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Am J Psychiatry. 2010 Mar;167(3):305-11. doi: 10.1176/appi.ajp.2009.09060881. Epub 2010 Jan 4.

Association of Western and traditional diets with depression and anxiety in women.

Author information

1
Department of Clinical and Biomedical Sciences, University of Melbourne, Geelong 3220, Australia. felice@barwonhealth.org.au

Abstract

OBJECTIVE:

Key biological factors that influence the development of depression are modified by diet. This study examined the extent to which the high-prevalence mental disorders are related to habitual diet in 1,046 women ages 20-93 years randomly selected from the population.

METHOD:

A diet quality score was derived from answers to a food frequency questionnaire, and a factor analysis identified habitual dietary patterns. The 12-item General Health Questionnaire (GHQ-12) was used to measure psychological symptoms, and a structured clinical interview was used to assess current depressive and anxiety disorders.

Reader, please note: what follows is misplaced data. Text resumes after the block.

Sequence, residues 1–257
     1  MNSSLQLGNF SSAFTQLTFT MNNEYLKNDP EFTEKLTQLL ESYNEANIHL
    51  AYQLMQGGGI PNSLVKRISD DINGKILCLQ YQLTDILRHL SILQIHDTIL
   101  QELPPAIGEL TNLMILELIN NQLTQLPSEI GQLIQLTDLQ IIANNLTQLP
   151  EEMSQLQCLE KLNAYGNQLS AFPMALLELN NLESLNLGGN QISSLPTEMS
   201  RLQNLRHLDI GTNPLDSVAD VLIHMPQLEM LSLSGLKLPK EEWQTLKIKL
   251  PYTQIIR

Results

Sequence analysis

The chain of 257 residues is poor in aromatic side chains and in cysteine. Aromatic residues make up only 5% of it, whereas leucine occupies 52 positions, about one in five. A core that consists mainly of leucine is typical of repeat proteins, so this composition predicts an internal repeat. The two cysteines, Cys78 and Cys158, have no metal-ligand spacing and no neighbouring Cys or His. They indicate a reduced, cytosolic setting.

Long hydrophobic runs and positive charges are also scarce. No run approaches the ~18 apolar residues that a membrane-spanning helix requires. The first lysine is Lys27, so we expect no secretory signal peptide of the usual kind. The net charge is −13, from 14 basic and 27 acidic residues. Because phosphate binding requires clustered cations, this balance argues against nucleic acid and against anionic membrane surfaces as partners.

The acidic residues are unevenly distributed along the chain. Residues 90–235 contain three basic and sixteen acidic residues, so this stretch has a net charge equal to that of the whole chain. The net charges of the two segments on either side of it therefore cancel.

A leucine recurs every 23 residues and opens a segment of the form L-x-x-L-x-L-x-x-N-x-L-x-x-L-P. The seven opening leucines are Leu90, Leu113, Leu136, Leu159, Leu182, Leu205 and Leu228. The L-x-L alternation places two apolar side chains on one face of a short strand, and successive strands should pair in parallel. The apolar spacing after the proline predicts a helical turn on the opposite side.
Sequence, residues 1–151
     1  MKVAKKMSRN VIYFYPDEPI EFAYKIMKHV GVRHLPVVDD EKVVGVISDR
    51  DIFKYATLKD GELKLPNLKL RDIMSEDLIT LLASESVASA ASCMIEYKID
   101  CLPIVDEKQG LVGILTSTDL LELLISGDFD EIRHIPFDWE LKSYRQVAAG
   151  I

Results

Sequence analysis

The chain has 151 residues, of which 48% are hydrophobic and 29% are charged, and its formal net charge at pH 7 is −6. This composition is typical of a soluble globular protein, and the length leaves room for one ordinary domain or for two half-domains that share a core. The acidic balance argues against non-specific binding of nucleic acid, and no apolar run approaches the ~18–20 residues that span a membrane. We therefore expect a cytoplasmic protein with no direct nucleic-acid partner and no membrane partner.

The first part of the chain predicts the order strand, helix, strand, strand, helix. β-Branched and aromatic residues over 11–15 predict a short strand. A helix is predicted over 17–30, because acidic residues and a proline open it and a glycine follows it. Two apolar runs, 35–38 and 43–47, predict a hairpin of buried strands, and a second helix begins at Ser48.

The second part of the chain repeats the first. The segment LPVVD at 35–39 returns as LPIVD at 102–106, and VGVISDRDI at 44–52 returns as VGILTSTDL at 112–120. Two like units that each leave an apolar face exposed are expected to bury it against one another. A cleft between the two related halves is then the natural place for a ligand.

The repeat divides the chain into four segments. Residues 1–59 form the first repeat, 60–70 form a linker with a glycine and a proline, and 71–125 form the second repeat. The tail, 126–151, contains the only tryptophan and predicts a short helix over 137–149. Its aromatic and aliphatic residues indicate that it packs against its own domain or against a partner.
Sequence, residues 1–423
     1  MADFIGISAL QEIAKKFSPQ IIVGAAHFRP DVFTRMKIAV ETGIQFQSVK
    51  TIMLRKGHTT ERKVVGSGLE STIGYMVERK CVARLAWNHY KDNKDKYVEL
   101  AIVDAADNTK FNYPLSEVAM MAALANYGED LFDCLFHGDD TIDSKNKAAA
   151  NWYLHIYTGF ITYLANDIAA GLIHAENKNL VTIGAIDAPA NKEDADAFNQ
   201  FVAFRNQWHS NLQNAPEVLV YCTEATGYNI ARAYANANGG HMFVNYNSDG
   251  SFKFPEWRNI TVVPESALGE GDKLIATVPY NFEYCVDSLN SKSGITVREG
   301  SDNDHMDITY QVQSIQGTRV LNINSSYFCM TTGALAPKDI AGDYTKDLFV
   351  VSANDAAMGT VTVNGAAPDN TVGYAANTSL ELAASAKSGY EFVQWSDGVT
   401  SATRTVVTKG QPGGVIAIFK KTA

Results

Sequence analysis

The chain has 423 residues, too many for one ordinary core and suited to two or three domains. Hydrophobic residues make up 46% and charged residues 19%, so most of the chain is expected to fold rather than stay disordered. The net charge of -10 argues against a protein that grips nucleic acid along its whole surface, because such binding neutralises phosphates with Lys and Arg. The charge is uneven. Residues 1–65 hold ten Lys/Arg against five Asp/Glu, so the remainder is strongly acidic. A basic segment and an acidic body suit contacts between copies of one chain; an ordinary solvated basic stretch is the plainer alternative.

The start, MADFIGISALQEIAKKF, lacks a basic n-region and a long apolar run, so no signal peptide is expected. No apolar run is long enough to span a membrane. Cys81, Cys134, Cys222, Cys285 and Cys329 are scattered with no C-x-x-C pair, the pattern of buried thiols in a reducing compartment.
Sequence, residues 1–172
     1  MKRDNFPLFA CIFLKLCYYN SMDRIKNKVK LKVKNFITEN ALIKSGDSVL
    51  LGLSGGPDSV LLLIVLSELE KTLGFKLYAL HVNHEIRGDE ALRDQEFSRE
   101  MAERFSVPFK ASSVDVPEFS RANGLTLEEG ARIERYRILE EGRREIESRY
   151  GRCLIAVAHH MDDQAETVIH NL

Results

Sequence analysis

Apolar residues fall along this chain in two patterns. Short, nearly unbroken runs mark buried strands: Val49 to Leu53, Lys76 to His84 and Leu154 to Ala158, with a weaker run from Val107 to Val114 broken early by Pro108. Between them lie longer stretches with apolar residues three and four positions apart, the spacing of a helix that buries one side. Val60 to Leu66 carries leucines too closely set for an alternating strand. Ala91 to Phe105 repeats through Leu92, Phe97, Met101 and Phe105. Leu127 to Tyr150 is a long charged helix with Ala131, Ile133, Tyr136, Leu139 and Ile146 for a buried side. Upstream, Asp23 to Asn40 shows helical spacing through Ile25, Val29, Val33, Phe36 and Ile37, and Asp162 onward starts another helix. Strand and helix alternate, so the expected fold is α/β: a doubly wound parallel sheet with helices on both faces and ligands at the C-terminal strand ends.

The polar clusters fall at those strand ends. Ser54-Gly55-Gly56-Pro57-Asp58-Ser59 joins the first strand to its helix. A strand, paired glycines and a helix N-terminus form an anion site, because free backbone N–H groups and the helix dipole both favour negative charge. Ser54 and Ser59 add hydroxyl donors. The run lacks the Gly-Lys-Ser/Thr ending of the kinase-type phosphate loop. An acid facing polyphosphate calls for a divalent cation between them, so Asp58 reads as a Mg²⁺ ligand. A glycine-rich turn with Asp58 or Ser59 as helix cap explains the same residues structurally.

RESULTS:

After adjustments for age, socioeconomic status, education, and health behaviors, a "traditional" dietary pattern characterized by vegetables, fruit, meat, fish, and whole grains was associated with lower odds for major depression or dysthymia and for anxiety disorders. A "western" diet of processed or fried foods, refined grains, sugary products, and beer was associated with a higher GHQ-12 score. There was also an inverse association between diet quality score and GHQ-12 score that was not confounded by age, socioeconomic status, education, or other health behaviors.

CONCLUSIONS:

These results demonstrate an association between habitual diet quality and the high-prevalence mental disorders, although reverse causality and confounding cannot be ruled out as explanations. Further prospective studies are warranted.

Comment in

PMID:
20048020
DOI:
10.1176/appi.ajp.2009.09060881
[Indexed for MEDLINE]

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